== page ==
In September I attended an SPE-SIAM conference in Istanbul on the modeling of giant oil and gas reservoirs. Michele(Mik), a colleague from NVIDIA who recently moved to HUE, had invited me to contribute to one of the keynote talks. Mik spoke very generally about the exponential growth of GPU adoption in HPC especially in Oil and Gas and I added my own take on the value of GPUs in HPC and how I saw their role evolving in the larger picture of technical computing. A brief summary of that talk will come in a future blog post. Where does the rug merchant come in? I’m getting to that.
Before the conference, Mik and I set aside an afternoon to tour Istanbul…this by the way is probably an order of magnitude less time than would be needed to properly see this beautiful city but it was all we had. I’m a fan of the Rick Steve’s travel guides so I had brought the Istanbul edition. One of the first things the guide advises is to be wary of aggressive merchants and ‘helpful’ people who approach you with advice. Within 30 seconds of exiting our cab we were approached by our first helpful local. I adopted a stony forward-facing facade as recommended. Mik started talking. Our self-appointed guide accompanied us through the famous Blue Mosque offering interesting facts and talking with Mik, while I looked distracted. I was getting increasingly worried that our unofficial guide would expect compensation at the end of our visit which would lead to an awkward negotiation. Why was Mik encouraging this guy? It turns out that he didn’t want money from us…at least not yet. His real purpose was to deftly lead us from the Mosque to his “uncle’s” rug shop where I assumed we’d either be murdered or offered the opportunity to buy rugs. There we sat through a presentation on the history of rugs, shared some tea and eventually left without buying anything to the disappointment of our hosts. My North American nature which prefers order to serendipity felt awkward about the whole experience. Mik’s more Mediterranean approach to life thrived on it.
Mik has a gift for identifying strategic interests, connections and opportunities for partnering and he knows everyone. By the end of our three-day conference, the Turkish minister of Energy was on a first name basis with him. As a native Italian he is from the land of the Romans, who were strategic masters and of Machiavelli who wrote the book. As we left our new Turkish rug-monger friends, I asked Mik why he let us get led around to the shop. His response was interesting and gave some insight into the mind of a skilled sales person. He told me that street merchants are some of the best salesmen you will ever meet and so he likes to observe them at their craft. The young guy that approached us initially engaged us by providing information about hours of operation of the sights in our area and which attractions needed tickets. He quickly got us to talk (or at least Mik to talk… I had read the guide book) by asking questions. He was generally likable and not too pushy. His job was to fish in the large pool of people at the major sites and bring them to the backwater area nearby where the rug shop was located. Once in the rug shop the proprietor took over. He spoke softly, shared some coffee and tea with us and started to entertain us with a little history of rugs demonstrating his knowledge. At one point he used a simple brochure to demonstrate the Turkish double knot vs. some other single knot approach. The message was clear…Turkish double knot good…other lame single knot bad. He brought out some more affordable rugs first and laid them on the ground. Then he unrolled several more expensive rugs from a height which made a loud slapping sound as they hit the floor. The implicit message here was “These rugs are substantial!”. He wrapped up his presentation with his very best, really beautiful, specimen. It all took about 10 minutes. The experience reminded me that selling is always about people and whether you are selling technology or rugs there are some universal principles which apply:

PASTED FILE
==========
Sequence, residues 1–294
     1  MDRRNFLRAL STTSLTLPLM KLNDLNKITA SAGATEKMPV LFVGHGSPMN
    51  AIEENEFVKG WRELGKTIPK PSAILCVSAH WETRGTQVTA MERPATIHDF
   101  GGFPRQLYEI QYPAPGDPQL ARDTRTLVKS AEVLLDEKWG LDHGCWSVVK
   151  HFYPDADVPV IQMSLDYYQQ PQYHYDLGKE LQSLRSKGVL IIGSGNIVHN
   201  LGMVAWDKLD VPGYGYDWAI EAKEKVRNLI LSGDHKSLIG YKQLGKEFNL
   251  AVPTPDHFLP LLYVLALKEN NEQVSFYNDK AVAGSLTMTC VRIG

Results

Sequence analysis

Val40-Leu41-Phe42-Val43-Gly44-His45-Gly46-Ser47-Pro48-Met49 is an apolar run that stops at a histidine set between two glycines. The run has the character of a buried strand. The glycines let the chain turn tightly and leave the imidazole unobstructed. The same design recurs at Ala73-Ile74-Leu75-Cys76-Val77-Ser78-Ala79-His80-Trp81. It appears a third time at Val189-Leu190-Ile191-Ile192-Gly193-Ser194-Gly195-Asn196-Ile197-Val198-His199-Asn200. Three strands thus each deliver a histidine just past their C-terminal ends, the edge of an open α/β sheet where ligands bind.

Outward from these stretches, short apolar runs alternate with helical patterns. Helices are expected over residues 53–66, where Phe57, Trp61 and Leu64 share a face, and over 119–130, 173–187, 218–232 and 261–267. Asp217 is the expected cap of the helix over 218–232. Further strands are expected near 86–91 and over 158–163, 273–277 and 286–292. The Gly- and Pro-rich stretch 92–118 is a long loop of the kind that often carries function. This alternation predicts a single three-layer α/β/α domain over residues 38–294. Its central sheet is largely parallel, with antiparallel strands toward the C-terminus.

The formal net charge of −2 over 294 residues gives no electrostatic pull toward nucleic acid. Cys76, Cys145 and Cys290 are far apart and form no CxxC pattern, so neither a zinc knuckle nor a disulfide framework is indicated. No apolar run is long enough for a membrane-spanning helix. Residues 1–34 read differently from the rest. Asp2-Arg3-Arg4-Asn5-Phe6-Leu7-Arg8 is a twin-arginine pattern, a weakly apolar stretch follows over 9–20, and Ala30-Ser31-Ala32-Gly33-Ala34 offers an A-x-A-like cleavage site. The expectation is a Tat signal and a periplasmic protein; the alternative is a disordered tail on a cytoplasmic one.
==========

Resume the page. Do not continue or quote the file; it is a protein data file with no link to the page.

- Know your product—Our merchant/host knew all about his product, its history, details about its construction, origin, methods and materials. There’s no substitute for the hard work of knowing what you are selling.
- Know the competition—How are you different from the next guy and what makes you better? Where is your double knot vs. your competitor’s single knot.
- Keep your message simple—Stay on message and keep it simple. Most clients won’t have the attention span to tolerate an overly complex presentation. The elevator pitch, TED talks and Zen presentation style are all examples of the power of simplicity.
- Use tangible sensory qualities—If I can see it, feel it, taste it or hear your product’s superiority…all the better.
- Respect the client—A good salesman makes his message clear to the client. A great salesman clearly reads messages from the client. A great salesman can read the client and is sufficiently self-aware that he or she can rapidly interpret reactions and modify the pitch. They respect and address a client’s hesitations and know when to break off.
- Be likable— Ok…not much you can do to change this. I’ve always found that clients choose to work with people that they like and trust.
- You have 10 minutes to make your point— Get it all done in about 10 minutes. That’s as much time as a client will give you.